I was kind of waiting for the "why not SSR" argument. Did not disappoint. Going to apologize for the book on tape up front.

re: aspnetcore mvc, why not MVC?

Angular is an MV* as well, but that's beside the point. The server-side MVC architecture tends to be bloated an expensive in actual large applications; performance solutions always inevitably devolve "moar caching" when your issue turns out to be 'markup takes too long to compute' and you fail your SLA/SLC in load testing.

At the end of the day, you're using your own hardware to generate markup on the server, and that's just cost you don't have to take on, in addtion to redundant bandwidth expenses (before even talking about the absence of minification). I've seen too many companies with MVC apps, million dollar/year redis clusters that could be replaced with a small API, a JWT token and a few dozen lines of front end code, all to enable this particular golden hammer. All the commodity labour cost-compensation in the world won't solve that.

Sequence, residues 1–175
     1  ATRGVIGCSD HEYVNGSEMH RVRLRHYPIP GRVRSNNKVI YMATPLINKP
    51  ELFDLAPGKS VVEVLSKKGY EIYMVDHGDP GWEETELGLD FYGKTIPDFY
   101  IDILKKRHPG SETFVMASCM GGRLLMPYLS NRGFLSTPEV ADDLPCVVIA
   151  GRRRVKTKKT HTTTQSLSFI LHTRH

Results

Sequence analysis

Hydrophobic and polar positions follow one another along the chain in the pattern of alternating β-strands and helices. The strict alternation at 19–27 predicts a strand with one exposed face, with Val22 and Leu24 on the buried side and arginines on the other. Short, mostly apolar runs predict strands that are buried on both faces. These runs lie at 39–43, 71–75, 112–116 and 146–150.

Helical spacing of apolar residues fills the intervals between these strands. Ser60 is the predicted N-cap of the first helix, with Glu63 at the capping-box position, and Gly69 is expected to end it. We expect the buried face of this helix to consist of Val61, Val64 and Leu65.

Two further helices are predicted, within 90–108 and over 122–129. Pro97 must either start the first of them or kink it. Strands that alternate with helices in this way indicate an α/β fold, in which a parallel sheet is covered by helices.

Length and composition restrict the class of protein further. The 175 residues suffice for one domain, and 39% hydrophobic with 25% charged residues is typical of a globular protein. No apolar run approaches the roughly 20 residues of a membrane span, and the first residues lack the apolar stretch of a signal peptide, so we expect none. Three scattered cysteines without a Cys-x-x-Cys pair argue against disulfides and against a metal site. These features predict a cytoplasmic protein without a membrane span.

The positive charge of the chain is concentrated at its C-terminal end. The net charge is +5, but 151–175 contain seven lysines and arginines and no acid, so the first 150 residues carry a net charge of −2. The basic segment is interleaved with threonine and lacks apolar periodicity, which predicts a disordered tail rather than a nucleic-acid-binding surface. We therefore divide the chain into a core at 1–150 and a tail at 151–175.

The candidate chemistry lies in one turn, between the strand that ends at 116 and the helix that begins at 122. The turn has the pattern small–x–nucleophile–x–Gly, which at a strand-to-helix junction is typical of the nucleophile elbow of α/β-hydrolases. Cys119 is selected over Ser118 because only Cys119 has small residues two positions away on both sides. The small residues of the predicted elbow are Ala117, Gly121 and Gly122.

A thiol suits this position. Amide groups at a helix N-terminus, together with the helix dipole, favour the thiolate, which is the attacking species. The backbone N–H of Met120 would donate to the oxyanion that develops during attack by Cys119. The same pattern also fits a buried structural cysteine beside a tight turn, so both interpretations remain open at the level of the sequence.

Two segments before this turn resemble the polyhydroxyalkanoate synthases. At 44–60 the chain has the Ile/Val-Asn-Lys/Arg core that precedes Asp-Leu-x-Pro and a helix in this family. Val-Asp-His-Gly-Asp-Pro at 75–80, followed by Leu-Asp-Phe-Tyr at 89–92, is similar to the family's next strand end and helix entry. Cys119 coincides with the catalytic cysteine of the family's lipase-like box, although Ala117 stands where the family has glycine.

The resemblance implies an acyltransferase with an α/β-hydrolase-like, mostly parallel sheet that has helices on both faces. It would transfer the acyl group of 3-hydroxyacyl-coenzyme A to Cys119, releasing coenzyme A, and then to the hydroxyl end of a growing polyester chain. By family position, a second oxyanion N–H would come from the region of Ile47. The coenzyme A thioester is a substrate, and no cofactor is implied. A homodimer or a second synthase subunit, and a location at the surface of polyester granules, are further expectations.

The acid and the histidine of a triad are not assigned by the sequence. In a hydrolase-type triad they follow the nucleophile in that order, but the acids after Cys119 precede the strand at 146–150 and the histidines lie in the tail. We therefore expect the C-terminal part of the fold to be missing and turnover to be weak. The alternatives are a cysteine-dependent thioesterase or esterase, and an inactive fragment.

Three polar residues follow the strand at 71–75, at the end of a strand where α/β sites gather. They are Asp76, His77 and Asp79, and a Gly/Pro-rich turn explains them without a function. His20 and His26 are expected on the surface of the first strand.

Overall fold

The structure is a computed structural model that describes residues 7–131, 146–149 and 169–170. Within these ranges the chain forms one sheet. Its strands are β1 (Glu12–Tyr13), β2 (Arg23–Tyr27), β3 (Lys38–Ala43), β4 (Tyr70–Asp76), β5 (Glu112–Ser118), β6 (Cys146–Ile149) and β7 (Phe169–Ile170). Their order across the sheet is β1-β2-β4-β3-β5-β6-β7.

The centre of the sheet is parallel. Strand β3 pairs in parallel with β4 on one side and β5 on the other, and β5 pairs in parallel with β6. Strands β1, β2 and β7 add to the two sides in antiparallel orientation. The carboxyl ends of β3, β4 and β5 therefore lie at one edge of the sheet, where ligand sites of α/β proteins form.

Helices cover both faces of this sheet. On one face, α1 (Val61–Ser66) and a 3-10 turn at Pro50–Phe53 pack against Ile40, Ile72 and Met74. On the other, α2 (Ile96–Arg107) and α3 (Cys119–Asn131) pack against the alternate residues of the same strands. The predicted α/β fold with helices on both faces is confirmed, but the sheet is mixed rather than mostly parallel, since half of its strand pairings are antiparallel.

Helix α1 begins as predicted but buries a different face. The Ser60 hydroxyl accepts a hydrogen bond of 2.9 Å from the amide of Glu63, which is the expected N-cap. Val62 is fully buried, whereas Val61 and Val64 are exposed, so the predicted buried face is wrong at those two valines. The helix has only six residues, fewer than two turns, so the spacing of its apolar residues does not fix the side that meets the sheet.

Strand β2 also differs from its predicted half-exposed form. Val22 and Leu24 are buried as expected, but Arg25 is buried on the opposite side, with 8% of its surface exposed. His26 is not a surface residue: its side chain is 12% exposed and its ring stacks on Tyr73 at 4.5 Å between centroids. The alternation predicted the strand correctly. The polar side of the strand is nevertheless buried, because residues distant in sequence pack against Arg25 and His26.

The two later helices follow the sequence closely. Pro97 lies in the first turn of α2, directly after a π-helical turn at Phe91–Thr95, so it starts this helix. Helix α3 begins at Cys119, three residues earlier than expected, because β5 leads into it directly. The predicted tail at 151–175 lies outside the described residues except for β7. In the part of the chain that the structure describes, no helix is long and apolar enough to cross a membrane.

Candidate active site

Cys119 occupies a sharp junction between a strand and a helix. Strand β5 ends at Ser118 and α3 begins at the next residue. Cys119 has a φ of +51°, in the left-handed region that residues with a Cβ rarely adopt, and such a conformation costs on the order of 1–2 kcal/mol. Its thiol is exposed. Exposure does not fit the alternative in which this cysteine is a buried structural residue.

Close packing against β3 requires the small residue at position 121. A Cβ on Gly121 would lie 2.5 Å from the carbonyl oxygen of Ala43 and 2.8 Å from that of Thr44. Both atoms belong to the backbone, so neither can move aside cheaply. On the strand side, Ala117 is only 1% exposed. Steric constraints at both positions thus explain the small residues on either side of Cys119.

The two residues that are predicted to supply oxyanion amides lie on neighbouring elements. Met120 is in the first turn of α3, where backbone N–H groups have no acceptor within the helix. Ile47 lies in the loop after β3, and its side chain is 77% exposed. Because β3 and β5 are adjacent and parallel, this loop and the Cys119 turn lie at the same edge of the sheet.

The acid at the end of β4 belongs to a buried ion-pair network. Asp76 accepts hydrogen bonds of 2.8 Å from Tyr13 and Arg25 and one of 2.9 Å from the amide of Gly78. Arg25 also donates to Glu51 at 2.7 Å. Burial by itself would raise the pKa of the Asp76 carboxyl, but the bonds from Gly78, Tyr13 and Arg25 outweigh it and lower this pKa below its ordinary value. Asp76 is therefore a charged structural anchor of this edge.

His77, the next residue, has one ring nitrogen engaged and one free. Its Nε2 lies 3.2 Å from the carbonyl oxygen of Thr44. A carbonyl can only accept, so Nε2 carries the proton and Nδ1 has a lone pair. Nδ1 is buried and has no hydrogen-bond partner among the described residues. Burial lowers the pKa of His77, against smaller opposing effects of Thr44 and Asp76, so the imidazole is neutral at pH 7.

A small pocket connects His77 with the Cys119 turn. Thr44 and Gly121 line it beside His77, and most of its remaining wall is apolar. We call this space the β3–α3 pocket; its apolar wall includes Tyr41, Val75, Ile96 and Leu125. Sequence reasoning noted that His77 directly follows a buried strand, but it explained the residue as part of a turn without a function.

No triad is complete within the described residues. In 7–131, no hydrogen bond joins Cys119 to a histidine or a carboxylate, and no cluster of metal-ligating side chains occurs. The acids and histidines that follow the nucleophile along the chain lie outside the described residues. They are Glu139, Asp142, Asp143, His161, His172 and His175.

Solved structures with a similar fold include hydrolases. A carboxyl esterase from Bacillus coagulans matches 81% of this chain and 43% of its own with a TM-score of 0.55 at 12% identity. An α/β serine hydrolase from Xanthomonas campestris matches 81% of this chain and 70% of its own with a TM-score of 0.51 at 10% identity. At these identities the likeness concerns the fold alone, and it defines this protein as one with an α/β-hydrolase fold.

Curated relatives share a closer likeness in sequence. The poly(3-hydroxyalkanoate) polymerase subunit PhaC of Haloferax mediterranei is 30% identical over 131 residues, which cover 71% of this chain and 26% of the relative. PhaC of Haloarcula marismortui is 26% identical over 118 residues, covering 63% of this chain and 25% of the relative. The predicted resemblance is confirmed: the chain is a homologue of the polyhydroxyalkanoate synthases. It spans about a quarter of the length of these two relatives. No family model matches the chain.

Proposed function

re: auth is better on the server, so say we all?

You're dealing with a token one way or the other. In a well-designed front end, you'll get the same role validation and policy that you get with aspnet (route guards, etc). The token -> claims blood-brain barrier is pretty much the same as it's always been, there's no inherent superiority there for a server scenario.

aside: if you ever find yourself saying, "BUT JWT HAS VISIBLE CLAIMS, IT'S NOT SECURE!!!," I might suggest that you're probably putting the wrong data into claims to begin with. Bonus: the token body can be an encrypted string, which gets some people back to their comfort zone but does not invalidate the first statement.

re: vanillajs blended with SSR (aka, the 2005 pattern)